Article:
T HAS BEEN many years since the event that I am about to share with you happened. The year was 1935 and I was eight years old. Yet the memory of it remains as fresh in my mind as though it was yesterday.
My parents were devout Catholics. We lived in a little two room house, and when we kids ran out of things to do, mom would tell us stories from the Bible and also from the lives of Saints which she had heard. Sometimes Dad got into the act too, and I remember how one time he used the broom, waved it around, to show us how Moses had parted the Red Sea. (Dad loved telling stories.) Mom and Dad did not have much education, but they must have been well taught about their faith when they were young.
Prayer was always a part of our lives, and we were taught to pray as soon as we could speak. During the winter months we would all kneel on the floor every evening and say the rosary together.
We attended a mission church that was about three miles from our house. This particular Sunday, Dad hitched up our two horses, and took my brother and sister and myself to church in an open sleigh. It was January and very cold, about 25 to 30 degrees below zero Farenheit, with a north wind blowing. Not a nice day to be out. We were very poor and Mom, who didn't have a proper winter coat, stayed home with our youngest sister.
We arrived at church and rushed down to the basement to warm up around a pot-bellied stove. Then we went up to a very cold church — a building which isn't heated all week takes a long time to warm up.
In those days the laws of fasting before Communion were very strict. From midnight until after the Mass was over the next day, you could not eat anything or even have a drink of water. If someone forgot and ate something or had a drink they couldn't receive Communion. We always put something over the water pail so that no one would forget and take a drink. Our family seldom received Communion more often than once a month, especially in winter. The long hours without food and water, along with the cold, were often too much to bear; but this Sunday we were going to Communion.
Our priest always preached an hour, or so it seemed to me. The service was very long. He was a good priest, but was not really a very good preacher. By the time of Communion, I was bored, starved and cold — completely miserable! Any devotion I might have felt had disappeared and it was a grumpy little girl who walked up to the altar railing that day. I was not one bit happy.
As soon as I received Communion though, and returned to my place, a wonderful thing happened! I became aware of a very warm glow about the size of a dime in my chest. Immediately it came to my mind that it was the Host. This warm spot grew rapidly until my shoulders, arms, hands, and back felt warm. Soon my whole body, even my feet, were cozy and I was no longer hungry. Warmth, energy, and strength flooded my whole body right down to my toes. At the same time I began to feel a great happiness.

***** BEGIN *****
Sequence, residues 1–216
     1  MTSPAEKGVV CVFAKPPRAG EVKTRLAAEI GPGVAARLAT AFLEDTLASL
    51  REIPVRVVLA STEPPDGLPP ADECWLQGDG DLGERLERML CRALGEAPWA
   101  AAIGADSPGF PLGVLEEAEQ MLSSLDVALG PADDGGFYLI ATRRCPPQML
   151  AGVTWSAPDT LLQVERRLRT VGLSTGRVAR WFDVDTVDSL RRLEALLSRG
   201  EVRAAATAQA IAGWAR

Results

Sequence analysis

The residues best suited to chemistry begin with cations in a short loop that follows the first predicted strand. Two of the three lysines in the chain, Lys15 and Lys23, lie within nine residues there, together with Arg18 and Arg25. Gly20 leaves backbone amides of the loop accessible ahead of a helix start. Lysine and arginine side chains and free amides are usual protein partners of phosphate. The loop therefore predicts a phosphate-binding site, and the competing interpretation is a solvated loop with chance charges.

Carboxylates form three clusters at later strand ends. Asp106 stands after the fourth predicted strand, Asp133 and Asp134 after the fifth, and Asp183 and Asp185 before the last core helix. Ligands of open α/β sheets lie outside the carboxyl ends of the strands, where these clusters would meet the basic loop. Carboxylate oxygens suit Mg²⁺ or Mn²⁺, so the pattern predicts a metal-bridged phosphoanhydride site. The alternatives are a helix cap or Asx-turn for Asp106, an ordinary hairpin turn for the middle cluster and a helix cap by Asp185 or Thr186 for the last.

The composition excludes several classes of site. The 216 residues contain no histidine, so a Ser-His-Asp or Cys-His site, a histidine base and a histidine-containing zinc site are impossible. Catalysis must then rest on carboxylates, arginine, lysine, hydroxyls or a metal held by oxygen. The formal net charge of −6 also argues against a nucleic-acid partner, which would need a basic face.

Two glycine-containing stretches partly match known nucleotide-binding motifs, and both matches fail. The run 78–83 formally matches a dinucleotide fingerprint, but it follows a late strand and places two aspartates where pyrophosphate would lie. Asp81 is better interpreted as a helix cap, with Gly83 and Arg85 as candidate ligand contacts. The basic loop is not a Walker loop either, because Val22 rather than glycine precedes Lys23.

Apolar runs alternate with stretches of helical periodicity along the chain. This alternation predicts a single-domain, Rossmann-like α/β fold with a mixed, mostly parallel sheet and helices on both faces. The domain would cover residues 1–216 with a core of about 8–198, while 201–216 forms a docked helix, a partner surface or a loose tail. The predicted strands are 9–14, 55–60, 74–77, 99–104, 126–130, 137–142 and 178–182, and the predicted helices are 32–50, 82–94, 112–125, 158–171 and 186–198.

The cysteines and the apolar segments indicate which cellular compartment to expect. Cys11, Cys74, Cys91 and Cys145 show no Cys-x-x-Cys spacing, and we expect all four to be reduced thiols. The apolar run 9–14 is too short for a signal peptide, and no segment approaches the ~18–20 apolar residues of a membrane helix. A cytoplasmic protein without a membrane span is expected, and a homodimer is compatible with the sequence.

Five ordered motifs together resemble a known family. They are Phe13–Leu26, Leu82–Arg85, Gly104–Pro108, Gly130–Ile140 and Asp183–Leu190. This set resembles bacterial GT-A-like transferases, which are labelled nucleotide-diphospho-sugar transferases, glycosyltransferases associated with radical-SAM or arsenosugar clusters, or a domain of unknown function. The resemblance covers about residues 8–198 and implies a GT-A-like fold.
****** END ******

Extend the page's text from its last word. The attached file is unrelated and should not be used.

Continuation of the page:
I had been taught to make a thanksgiving prayer after Communion, and as I thanked Jesus, I was positive he was doing something special for me. I've always believed that Jesus was really present in the Eucharist but this particular Communion became a real sign of his presence within me.
Mass ended and we piled into the sleigh to go home. I felt exhilarated the whole trip and didn't try to protect myself, yet I wasn't cold. My poor brother and sister complained all the way, and were crying loudly by the time we entered the house, because their hands and feet were hurting from the cold.
Mom said to me, "You are not crying?" I answered, "No, I'm not cold." I almost felt guilty for being so comfortable when they were not. This extraordinary experience lasted about an hour after I returned home and then gradually faded away. But I never forgot it.
I never told anyone about what had happened. A certain fear of not being believed prevented me from sharing this experience with others. Then I reasoned that I should share it; perhaps it could help strengthen someone's faith in the Real Presence of Jesus in the Eucharist. Through Communion, I discovered the mystery of God's power working in me. That experience and many others in my life have taught me how incredibly Jesus loves me. It is there especially that he gives himself to me, comforting, enlightening and healing me so that in turn, I may warm, enlighten, comfort, and nourish others in love.
God bless you all.